As I was reading the section titled, A Conversation with Susan Meissner in her novel Stars Over Sunset Boulevard, the author mentioned using Steve Wilson’s The Making of Gone with the Wind as a primary resource during her writing of the novel.
One of the aspects I love about Susan Meissner’s historical novels is the way she brings history to life. As the historical time period unfolds before my eyes, I am driven to learn all I can. Hence, I placed a hold on The Making of Gone with the Wind at our local public library.
From the inside of the jacket cover of The Making of Gone with the Wind by Steve Wilson published by the Henry Ransom Center and University of Texas Press:
“Gone With The Wind is one of the most popular movies of all time. To commemorate its seventy-fifth anniversary in 2014, The Making of Gone With The Wind presents more than 600 items from the archives of David O. Selznick, the film’s producer, and his business partner John Hay “Jock” Whitney, which are housed at the Harry Ransom Center at the University of Texas at Austin. These rarely seen materials, which are also being featured in a major 2014 exhibition at the Ransom Center, offer fans and film historians alike a must-have behind-the-camera view of the production of this classic.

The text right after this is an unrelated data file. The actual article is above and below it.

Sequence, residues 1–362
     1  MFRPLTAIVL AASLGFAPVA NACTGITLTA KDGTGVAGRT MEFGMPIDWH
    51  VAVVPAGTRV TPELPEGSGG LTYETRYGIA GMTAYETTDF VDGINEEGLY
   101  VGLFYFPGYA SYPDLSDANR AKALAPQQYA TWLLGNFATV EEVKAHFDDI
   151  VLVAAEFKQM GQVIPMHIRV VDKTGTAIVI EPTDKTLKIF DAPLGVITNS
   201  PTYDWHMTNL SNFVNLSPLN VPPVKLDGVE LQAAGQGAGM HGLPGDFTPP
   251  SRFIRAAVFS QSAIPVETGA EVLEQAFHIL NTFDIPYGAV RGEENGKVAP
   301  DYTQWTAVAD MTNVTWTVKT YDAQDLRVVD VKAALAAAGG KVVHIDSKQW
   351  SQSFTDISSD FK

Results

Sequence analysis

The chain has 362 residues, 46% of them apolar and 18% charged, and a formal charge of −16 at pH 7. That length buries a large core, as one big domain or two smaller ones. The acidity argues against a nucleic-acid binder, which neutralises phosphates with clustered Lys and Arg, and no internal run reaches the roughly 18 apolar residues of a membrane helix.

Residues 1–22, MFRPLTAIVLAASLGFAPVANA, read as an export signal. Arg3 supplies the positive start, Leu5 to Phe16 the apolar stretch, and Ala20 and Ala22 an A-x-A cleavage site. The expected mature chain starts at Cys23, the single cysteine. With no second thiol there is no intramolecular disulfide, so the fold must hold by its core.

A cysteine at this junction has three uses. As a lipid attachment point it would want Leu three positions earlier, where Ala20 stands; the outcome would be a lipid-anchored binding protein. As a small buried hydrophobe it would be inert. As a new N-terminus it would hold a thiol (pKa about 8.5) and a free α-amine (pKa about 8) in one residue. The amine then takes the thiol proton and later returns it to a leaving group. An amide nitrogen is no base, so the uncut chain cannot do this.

Before a single frame of film was shot, Gone With The Wind was embroiled in controversy. There were serious concerns about how the film would depict race and violence in the Old South during the Civil War and Reconstruction. While Clark Gable was almost everyone’s choice to play Rhett Butler, there was no clear favorite for Scarlett O’Hara. And then there was the huge challenge of turning Margaret Mitchell’s Pulitzer Prize–winning epic into a manageable screenplay and producing it at a reasonable cost. The Making of Gone With The Wind tells these and other surprising stories with fascinating items from the Selznick archive, including on-set photographs, storyboards, correspondence and fan mail, production records, audition footage, gowns worn by Vivien Leigh as Scarlett, and Selznick’s own notoriously detailed memos.
This inside view of the decisions and creative choices that shaped the production reaffirm that Gone With The Wind is perhaps the quintessential film of Hollywood’s Golden Age and illustrate why it remains influential and controversial decades after it was released.”